Ember Days

Ember Days
Friday 6th March has been designated as the Autumn Ember Day for the Catholic Church in Australia.
The word ‘ember’ in this context does not mean a glowing or smouldering piece of coal or wood; it probably comes from the old English word ymbryne meaning a recurring period.
The early history and original purpose of these days is obscure, but it is likely that they originated in pagan celebrations connected with harvest, vintage and seed time. The tradition was well established in Rome in Rome at the time of Pope Leo in the 5th century because he preached a series of Embertide sermons.
Ember Days were four groups of three days (always Wednesday, Friday and Saturday) of fasting and abstinence observed after the first Sunday of Lent, Pentecost Sunday, the feast of the Holy Cross on September 14th and the feast of St Lucy on December 13th. Ember Days corresponded roughly with the beginning of each of the four seasons.
The second Vatican Council retained Ember Days in principle but left it to bishops conferences to determine the time, number, and purpose of Ember and Rogation Days.
(Rogation Days - from the Latin rogare, to ask - originated at times of calamity and were marked by processions, litanies and intercession. The principal rogation procession was eventually associated with intercession for a fruitful harvest. )
Last year, the Australian Catholic Bishops Conference decided that the Australian Church should observe the first Fridays in Autumn and Spring (March and September) each year as special days of prayer and penance.
All Fridays are days of penance with fast and abstinence anyway, although our bishops conference has substituted other penitential practices such as prayer, self denial and helping others. The official document on the liturgical year and calendar says this about Ember and Rogation Days:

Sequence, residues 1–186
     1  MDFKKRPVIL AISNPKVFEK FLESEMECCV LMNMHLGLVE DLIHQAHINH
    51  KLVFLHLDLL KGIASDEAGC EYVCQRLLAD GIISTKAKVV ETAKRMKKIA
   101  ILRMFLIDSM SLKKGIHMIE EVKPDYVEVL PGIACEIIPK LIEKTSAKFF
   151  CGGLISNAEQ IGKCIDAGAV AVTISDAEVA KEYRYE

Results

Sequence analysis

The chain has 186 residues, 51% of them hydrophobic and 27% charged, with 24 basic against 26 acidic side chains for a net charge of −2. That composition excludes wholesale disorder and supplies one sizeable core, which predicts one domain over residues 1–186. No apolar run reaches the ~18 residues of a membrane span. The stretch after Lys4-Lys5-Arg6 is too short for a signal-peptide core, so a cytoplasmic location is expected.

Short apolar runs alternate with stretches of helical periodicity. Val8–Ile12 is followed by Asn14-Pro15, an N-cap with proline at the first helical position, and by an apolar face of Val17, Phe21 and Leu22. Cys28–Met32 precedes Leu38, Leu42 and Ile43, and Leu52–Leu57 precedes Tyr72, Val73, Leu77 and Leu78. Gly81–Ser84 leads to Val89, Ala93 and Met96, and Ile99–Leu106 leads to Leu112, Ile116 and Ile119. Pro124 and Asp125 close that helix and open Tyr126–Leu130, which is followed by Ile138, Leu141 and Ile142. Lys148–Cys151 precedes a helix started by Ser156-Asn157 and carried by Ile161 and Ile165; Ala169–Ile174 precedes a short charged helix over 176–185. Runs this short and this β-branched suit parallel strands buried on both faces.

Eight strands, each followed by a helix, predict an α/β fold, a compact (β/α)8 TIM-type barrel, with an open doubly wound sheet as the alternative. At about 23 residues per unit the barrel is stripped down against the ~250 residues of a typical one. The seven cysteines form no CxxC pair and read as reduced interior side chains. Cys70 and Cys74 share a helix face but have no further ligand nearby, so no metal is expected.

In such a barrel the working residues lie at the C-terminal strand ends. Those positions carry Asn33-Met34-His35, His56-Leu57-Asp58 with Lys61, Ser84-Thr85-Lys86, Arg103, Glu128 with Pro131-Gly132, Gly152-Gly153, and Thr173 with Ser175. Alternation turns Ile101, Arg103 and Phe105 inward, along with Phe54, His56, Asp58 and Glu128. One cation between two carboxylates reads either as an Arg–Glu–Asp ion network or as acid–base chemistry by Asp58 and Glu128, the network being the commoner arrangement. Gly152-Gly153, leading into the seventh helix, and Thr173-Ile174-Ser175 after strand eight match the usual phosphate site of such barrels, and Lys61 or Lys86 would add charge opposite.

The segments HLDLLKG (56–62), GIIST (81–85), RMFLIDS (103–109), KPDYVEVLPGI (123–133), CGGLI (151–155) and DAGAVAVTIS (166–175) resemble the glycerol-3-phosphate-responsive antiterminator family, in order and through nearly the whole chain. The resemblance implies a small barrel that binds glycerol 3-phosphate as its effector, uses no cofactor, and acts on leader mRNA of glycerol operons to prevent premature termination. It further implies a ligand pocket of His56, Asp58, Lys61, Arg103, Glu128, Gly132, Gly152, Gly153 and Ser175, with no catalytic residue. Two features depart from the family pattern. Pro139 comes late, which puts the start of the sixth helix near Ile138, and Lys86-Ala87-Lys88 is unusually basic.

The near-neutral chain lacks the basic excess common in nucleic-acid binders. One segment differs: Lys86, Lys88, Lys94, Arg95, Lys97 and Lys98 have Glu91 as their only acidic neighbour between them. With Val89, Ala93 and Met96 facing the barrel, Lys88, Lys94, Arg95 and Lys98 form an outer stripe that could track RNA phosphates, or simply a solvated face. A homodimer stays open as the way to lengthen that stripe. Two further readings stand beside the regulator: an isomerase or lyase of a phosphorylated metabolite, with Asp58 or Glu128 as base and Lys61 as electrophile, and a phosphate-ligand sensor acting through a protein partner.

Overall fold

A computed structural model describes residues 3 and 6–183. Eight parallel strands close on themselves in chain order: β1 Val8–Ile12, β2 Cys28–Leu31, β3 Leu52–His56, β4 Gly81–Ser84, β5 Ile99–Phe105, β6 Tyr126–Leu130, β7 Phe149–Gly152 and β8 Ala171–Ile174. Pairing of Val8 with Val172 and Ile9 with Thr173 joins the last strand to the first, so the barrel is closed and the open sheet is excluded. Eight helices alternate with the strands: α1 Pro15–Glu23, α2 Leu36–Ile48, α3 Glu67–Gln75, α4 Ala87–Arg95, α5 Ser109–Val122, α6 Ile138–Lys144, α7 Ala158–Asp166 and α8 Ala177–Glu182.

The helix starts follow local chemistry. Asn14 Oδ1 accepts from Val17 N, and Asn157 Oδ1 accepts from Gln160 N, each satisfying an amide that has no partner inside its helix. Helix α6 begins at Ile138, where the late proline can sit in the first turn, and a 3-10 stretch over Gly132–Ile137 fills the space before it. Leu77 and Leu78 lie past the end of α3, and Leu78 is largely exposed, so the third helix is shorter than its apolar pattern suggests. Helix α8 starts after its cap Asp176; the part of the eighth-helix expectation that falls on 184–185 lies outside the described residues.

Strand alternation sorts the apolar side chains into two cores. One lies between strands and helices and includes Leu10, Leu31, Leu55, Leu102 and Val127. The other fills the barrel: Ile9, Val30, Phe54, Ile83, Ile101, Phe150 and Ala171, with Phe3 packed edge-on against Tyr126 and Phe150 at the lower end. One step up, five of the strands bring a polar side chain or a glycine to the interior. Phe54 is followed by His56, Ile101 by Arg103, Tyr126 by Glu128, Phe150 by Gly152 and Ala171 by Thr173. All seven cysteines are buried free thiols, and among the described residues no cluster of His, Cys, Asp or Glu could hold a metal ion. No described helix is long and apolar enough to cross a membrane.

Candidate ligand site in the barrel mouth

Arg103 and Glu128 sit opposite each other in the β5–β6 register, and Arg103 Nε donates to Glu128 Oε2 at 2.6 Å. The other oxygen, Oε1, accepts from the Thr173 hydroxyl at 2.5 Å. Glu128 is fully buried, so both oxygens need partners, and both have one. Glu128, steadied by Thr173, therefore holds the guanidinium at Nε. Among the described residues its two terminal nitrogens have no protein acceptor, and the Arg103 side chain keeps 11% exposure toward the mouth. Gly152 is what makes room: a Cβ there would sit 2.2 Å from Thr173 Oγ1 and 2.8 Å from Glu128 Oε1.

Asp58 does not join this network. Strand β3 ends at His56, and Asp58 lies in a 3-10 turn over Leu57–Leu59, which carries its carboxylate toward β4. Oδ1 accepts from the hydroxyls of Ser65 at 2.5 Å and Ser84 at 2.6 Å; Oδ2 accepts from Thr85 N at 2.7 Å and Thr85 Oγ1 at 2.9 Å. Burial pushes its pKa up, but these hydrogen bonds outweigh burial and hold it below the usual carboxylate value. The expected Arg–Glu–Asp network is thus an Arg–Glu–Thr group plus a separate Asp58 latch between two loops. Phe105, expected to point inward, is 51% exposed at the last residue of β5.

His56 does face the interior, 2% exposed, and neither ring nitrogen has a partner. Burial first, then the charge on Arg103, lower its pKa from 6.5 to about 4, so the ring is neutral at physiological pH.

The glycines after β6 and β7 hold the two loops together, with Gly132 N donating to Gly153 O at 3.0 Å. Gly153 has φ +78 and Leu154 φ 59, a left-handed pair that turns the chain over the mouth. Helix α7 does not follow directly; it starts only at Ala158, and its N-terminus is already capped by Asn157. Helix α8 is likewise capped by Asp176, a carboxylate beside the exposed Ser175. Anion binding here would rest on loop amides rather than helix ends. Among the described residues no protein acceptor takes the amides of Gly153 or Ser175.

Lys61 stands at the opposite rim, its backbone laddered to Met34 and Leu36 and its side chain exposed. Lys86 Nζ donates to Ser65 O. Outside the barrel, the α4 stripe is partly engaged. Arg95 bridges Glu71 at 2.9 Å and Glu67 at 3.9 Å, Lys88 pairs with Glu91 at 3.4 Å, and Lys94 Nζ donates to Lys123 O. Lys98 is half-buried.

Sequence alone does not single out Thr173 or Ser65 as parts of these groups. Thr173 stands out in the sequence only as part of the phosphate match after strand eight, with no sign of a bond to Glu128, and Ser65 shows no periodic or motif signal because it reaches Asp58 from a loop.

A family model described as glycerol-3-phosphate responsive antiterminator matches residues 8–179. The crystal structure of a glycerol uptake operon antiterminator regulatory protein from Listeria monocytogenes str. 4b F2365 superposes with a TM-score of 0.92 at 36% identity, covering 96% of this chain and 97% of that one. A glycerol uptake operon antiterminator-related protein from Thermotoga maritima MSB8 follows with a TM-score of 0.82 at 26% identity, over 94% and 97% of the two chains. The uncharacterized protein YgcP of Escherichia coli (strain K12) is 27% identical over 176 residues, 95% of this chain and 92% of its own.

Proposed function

On rogation and ember days the practice of the Church is to offer prayers to the Lord for the needs of all people, especially for the productivity of the earth and for human labour, and to give him public thanks (GNLYC 45).
On one level, these days seek God’s blessing of favourable weather and a fruitful harvest from the land. In good times, it is natural to offer praise and thanksgiving to God for the blessings bestowed on us. In times of drought or flood in Australia, our prayers focus on people and places affected by natural disaster. At all times we need to be attentive to those who are devastated by famine and exploitation.
Ember Days today will focus on the environment, climate change, and the responsibility of our stewardship of the world’s resources. They will help us connect our intercession for favourable conditions with a conversion of heart in relation to our care of the earth. For this reason, the bishops requested that emphasis be placed on doing penance, on fasting and abstaining in connection with these Ember Days.
Fasting and abstaining from meat will encourage us to restraint in our exploitation of natural resources. A day of penance will express our solidarity with those who are disadvantaged, especially those who suffer through famine and the inequitable distribution of the world’s goods.
This year the Spring Ember Day falls on Friday 4th September.


Elizabeth Harrington